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If you know what you're doing, crypto can be a lucrative endeavor, but it's also ripe with scams. Don't get duped. Here's what to look out for before you load up on virtual currency.
If it's good enough for Jack Dorsey, Elon Musk, and Tim Cook, surely you can also win big in the crypto game, right? If you've got some money to burn, perhaps, and we have a guide for getting started. But you could also be just a few mouse clicks away from losing your retirement funds to a cartoon dog or a "coin" tied to a popular streaming TV show.
With changing prices, coin-based scams, and misinformation from influencers, cryptocurrency is a volatile market, and you need to be careful. According to the Federal Trade Commission (FTC), US consumers lost more than $80 million to cryptocurrency scams in the six months between October to March 2020. And the grifts continue; those behind the Squid Game cryptocurrency took off with about $3.38 million earlier this month.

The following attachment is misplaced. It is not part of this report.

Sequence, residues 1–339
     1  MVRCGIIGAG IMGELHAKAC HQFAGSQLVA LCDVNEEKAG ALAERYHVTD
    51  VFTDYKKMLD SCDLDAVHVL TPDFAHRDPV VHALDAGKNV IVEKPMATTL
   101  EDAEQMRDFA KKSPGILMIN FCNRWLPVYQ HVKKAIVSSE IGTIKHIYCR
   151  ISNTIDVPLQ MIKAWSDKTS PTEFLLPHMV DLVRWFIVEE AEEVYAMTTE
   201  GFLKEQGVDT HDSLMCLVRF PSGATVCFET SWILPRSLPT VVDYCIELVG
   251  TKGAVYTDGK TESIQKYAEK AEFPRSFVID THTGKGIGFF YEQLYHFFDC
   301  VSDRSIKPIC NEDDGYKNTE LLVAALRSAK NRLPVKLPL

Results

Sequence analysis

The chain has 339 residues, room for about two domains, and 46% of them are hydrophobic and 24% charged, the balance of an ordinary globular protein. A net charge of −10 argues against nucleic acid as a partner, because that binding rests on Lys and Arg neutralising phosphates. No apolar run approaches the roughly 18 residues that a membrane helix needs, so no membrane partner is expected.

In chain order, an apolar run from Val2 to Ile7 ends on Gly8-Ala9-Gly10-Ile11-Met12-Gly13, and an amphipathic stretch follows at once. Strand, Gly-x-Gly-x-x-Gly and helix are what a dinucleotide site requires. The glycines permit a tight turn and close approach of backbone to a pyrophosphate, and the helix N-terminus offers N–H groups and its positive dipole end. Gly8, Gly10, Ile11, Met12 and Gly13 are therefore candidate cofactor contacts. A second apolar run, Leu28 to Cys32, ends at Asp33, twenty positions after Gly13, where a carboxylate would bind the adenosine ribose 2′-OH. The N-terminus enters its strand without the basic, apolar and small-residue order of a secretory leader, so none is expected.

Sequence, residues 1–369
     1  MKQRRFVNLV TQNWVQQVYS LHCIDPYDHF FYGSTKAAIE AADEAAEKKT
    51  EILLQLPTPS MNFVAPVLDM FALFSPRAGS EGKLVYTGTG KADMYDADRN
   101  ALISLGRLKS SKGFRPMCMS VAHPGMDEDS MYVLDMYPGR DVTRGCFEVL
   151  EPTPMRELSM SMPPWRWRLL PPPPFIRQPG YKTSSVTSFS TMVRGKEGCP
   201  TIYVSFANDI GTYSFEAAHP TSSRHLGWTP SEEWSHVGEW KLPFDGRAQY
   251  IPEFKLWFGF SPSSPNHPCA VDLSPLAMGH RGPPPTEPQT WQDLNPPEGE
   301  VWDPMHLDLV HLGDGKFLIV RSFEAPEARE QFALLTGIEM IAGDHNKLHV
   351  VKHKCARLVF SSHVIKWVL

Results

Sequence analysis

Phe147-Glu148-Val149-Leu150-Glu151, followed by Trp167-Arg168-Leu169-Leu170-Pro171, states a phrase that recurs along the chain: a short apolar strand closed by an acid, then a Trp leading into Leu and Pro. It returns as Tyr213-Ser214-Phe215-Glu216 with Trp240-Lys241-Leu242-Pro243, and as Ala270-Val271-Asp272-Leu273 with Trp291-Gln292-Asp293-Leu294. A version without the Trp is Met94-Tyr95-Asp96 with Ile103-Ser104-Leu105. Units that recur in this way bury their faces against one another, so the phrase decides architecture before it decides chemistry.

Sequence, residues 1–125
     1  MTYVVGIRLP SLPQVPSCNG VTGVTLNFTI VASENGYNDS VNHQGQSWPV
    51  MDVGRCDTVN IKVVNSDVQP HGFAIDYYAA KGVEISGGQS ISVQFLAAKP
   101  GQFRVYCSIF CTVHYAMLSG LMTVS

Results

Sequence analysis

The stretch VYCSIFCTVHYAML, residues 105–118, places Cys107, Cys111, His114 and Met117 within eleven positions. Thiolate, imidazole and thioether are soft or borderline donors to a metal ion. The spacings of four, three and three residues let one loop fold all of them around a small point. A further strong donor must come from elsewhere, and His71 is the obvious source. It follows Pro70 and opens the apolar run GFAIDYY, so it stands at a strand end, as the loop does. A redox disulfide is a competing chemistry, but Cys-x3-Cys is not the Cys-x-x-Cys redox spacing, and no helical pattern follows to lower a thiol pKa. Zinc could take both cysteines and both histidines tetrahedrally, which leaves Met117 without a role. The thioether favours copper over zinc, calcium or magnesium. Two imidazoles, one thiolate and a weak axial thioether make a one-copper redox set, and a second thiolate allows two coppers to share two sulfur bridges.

While some scams are pretty easy to spot, others aren't as obvious. And because the protections in place for fiat currencies like the US dollar don't typically exist for crypto, once that money's gone, it's gone for good. Here's what to look out for, and how to avoid getting scammed.
How can you protect yourself from crypto scams? Here are a few things to consider before going all-in on Bitcoin, Ethereum, or other digital currencies.
1. Don't take any information at face value. Investigate the claims being made around any investment, especially if they seem too good to be true or promise overnight windfalls. The 2020 Twitter hack had a scam written all over it.
2. Don't trust anyone—government officials, public figures, strangers—who contact you directly asking for payments in cryptocurrency or offering you an "investment opportunity."
3. Never share your private key or the seed phrase to your cryptocurrency wallet with anyone, and store that information somewhere offline, aka a cold wallet.
4. Enable two-factor authentication whenever possible on whatever kind of crypto wallet and exchange you use. But be aware that this is not a sure-fire solution, as we saw when Coinbase was hacked.
5. Double and triple-check website URLs. Scammers attempting a phishing scam will copy the URL of legitimate sites and swap letters and numbers—an “l” for “1” or “0” for the letter “O,” for example.
6. Reject any offer that requires an up-front fee no matter what, especially if that fee has to be paid in cryptocurrency.
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